The title of this post comes from Pericles’ Funeral Oration as recounted by Thucydides in History of the Peloponnesian War. My very patient traveling companion read it aloud to me today in the Kerameikos District, the Classical-era cemetery where Pericles gave that oration after the first dead had been returned to Athens at the start of the Peloponnesian War. Thucydides remembers Pericles speaking thus: They [the dead] gave their lives to her [Athens] and to all of us, and for their own selves they won praises that never grow old, the most splendid of sepulchres–not the sepulchre in which their bodies are laid, but where their glory remains eternal in men’s minds, always there on the right occasion to stir others to speech or action. Read more
Posts tagged ‘Socrates’
Yesterday, we went up to the Acropolis. Most people know that the Parthenon is on the Acropolis. The Temple of Athena Nike, the Propylaia, and the Erechtheion, which stands on the site of the Old Temple of Athena and is a shrine to Athena and Erechtheus, are there too. Alongside a number of support buildings like the Pinakotheke, the Acropolis in the time these buildings were built mostly in the sixth and fifth centuries was a thriving place of ritual sacrifice and worship of the gods.
Today when you walk around the Acropolis, it’s well-nigh impossible to have any sense of the space as a sacred site. Throngs of people taking selfies of themselves with the ruins, or finding some fellow traveller to be a photographer for a moment. Some people are even taking video of the buildings. I found this appalling not only because the sign at the entrance strictly forbids videoing the site, but also because it seems preposterous. Are you videoing because you expect the building to get up and move? Who will you actually subject to this footage? Are you really so afraid of having an unmediated experience of something that you must position a camera between yourself and the world? These are my thoughts. But to be fair, it’s only May, so the crowds aren’t even that overwhelming. Read more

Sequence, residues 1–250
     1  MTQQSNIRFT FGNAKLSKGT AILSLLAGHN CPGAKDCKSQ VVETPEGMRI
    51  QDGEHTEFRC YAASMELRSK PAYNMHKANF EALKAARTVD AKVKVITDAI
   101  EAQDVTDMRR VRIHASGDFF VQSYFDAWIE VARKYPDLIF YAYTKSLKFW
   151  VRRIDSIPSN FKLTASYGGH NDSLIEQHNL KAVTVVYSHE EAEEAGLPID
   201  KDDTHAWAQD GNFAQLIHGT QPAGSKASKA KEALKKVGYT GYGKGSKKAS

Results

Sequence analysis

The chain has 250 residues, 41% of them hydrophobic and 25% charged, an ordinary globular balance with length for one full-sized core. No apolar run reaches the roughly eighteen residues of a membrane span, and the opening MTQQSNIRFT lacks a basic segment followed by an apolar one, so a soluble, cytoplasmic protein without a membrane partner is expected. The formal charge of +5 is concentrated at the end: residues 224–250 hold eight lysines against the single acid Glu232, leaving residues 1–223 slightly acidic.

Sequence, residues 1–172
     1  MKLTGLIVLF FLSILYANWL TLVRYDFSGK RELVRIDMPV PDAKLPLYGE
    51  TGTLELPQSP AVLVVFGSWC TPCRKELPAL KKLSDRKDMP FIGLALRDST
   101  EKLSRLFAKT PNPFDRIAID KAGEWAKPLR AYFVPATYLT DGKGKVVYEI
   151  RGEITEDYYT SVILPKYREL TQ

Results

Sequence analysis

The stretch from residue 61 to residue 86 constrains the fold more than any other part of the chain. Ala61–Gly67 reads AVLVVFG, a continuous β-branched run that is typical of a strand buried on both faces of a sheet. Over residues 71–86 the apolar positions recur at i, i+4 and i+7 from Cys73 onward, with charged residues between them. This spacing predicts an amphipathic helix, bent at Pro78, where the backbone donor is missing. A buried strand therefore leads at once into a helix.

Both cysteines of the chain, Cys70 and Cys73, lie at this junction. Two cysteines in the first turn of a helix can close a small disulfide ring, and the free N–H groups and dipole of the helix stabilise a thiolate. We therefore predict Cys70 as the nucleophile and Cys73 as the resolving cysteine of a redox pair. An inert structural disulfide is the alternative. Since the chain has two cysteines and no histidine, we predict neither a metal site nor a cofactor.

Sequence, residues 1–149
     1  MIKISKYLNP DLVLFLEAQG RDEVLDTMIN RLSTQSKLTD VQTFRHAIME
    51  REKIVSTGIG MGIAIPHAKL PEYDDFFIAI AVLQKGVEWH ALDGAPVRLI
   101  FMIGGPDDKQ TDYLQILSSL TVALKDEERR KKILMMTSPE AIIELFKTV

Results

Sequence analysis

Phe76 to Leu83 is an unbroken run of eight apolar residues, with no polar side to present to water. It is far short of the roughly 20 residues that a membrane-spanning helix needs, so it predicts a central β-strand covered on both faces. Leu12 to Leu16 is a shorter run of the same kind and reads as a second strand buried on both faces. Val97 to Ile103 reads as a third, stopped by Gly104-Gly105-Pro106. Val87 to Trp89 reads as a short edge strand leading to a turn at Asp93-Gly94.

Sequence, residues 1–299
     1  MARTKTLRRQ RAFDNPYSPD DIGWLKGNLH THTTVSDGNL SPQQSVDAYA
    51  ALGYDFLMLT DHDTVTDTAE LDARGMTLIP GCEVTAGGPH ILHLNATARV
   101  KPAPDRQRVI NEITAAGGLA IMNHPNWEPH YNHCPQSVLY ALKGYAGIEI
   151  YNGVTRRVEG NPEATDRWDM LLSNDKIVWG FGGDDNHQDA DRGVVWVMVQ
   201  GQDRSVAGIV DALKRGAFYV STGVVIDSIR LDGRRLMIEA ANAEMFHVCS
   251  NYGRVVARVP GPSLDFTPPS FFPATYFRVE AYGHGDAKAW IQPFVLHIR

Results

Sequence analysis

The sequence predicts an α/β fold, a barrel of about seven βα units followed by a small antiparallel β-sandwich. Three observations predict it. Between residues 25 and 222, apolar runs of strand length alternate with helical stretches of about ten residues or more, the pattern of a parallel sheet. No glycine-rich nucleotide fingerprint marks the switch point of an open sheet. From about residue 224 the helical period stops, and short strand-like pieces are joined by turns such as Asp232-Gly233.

I spent the last two days attending the Faculty Workshop on Democracy and Civic Engagement at Wabash that was organized and facilitated mostly by members of the Rhetoric Department at Wabash. It’s been glorious to slow down and take some time to think about the teaching we spend so much time doing, so I’m feeling rejuvenated and enthusiastic about planning for civic engagement components in the classroom. One issue that kept recurring for me was the tension between, or at least, the question of whether there is a tension between, thinking and acting. Plato and Aristotle both distinguish between actions you do for themselves and actions you do for some end outside of themselves, and they argue that actions that you do for themselves are better than actions you do for some product or goal beyond the action. I found myself concerned that measuring the success of a course in terms of some action that might come of it beyond the thinking that takes place within it privileges action and makes thinking instrumental to action. This dispute reaches back to the ancients. In Politics VII.3, Aristotle remarks that some people think that politics is a better life than philosophy because they think that politics is action but philosophy is not. Aristotle accepts the view that a life of action is better than a life of inaction, but he rejects the idea that philosophy is not action in itself. Read more